Formula 1’s Move to Alcohol Free Racing

Alcohol seems to be everywhere in Formula One (F1); a 2018 study by BMC Public Health found that alcohol content occurred in all races shown, and well as 41% of all advertisement breaks in the programme. From advertising on the drivers’ cars, suits and helmets, to the iconic tradition of spraying champagne or sparkling wine from the winner’s podium, it is hard to avoid the association of alcohol with success in F1. The sport’s love for alcohol has an influence on it’s fans; after Daniel Riccardo drank champagne out of a shoe to celebrate his podium placement in 2016, the Australian party piece of doing a ‘shoey’ was introduced to F1 and many fans took part in the trend (typically done using beer).

However, if you’ve watched any Formula One over the last few years, you may have noticed something different in the advertising presented around the sport – around the track, on team gear and cars, in the stands, and even the podium. While it has long been common for Grand Prix countries that have banned alcohol to replace the traditional champagne or sparkling wine with rose water for the iconic podium presentation, it seems that the non-alcohol influence is spreading through the sport as a whole. Is Formula One’s relationship with alcohol changing? How? And perhaps more importantly, what is driving the change?

The Shift to Non Alcoholic Brands

Formula 1 has notably been partnering with non-alcoholic brands and products recently. Their global partner since 2016 has been Heineken, which, although a renowned lager beer company, is becoming just as known for its 0.0% offering as it is for its traditional alcoholic beverages. Though Heineken is free to promote alcoholic beverages, it increasingly common to see its 0.0% lager advertised when any particular product is shown. General racetrack advertising often also consists of other alcoholic drinks brands, many of which are increasingly opting to promote their alcohol-free 0.0% or 0.5% offerings. Brands without such alternatives have increasingly disappeared over recent years, including Smirnoff and Johnnie Walker, who were once huge team sponsors.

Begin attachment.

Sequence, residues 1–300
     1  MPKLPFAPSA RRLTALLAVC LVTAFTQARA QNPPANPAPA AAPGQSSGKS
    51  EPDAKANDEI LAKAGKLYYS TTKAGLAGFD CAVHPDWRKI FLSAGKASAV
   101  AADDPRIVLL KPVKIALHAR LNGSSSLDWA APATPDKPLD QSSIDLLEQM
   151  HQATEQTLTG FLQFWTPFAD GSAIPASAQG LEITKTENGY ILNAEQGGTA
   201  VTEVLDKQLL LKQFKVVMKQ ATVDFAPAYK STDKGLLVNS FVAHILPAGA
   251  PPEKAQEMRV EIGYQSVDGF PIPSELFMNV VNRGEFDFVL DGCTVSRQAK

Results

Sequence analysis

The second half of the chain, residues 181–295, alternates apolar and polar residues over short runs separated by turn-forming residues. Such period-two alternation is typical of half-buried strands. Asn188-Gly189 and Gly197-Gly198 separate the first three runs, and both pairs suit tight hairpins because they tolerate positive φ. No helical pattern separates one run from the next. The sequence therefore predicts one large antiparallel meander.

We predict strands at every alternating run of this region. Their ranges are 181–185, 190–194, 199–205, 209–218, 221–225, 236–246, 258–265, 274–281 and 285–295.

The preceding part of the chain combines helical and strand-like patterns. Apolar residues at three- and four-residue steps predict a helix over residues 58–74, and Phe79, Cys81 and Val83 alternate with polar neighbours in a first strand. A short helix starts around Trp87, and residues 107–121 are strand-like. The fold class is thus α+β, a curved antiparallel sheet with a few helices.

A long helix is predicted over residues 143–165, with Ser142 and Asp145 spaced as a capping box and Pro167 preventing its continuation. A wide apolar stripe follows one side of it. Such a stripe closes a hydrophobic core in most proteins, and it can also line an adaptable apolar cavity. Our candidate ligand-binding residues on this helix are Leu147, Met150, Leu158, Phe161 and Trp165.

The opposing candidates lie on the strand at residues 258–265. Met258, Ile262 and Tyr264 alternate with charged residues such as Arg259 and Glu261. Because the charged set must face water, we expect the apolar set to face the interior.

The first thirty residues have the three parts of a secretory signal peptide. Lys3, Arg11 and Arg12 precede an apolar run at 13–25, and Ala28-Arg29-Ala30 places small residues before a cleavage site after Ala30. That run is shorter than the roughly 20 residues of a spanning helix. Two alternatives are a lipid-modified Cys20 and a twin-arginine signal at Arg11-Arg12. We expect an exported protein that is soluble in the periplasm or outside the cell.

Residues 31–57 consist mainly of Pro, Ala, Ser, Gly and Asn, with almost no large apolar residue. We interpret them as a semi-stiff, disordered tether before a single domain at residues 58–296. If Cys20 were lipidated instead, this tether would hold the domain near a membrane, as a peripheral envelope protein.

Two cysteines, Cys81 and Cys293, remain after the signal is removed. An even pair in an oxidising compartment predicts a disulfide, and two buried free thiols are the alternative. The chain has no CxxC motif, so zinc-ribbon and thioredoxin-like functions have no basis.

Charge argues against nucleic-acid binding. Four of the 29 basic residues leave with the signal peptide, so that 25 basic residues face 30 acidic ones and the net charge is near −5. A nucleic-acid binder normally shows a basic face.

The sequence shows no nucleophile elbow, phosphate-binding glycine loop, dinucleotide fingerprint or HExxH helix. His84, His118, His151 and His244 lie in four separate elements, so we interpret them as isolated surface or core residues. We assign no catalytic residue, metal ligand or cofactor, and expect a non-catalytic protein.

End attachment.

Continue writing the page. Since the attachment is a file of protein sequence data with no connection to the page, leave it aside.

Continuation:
In addition, the teams themselves have also seen an increase in non-alcoholic beverage sponsorship. In 2019, Mercedes announced a global partnership with Seedlip, the world’s first distilled non-alcoholic spirit. In 2021, Aston Martin established a multi-year partnership with Peroni, promoting their Peroni Libera 0.0%. As well as promoting the brands using advertisement, the teams will also be served the non-alcoholic drinks at F1 events, leveraging the influence that seeing the crew drinking these beverages will have on fans.

This change has also been seen in partnerships between brands individual drivers. Driver Carlos Sainz was sponsored by Estrella Galicia 0.0 from 2013 to 2021 when he was part of McLaren. Drivers have also spoken out about lowering their own alcohol consumption. Seven-time World Champion Lewis Hamilton has shared his choice to reduce his alcohol intake as part of leading a healthier lifestyle; Lando Norris has also expressed his preference of avoiding alcohol.

This leads us to wonder; what is driving this shift towards non-alcoholic advertising and lifestyle within the F1 world?

Asian Cultural Influence

One of the reasons that F1 may be reducing its alcohol advertising and increasing its 0.0% alcohol-free adverts are due to Asia’s growing influence over the sport. Many countries in Western Asia have a strict 0.0% rule regarding alcohol, unlike the 0.5% that many other countries would consider to be an alcohol-free drink. This 0.0% tolerance regarding alcohol percentage is largely for religious reasons and is common in countries such as Saudi Arabia, Bahrain, Abu Dhabi, and Azerbaijan. Despite only 6 out of 22 races in the 2022 season taking place in Asia, Asian countries such as the aforementioned are known for their huge financial investment in Formula 1. This is seen through large sponsorships in F1 itself, for example Etihad Airways’ sponsorship of the Grand Prix, as well as team sponsorships such as Saudi company Aramco’s partnerships with Aston Martin. As a result, the World Motor Sport Council (FIA), which governs Formula 1, are likely to want to appease these countries in order to ensure their continued financial support.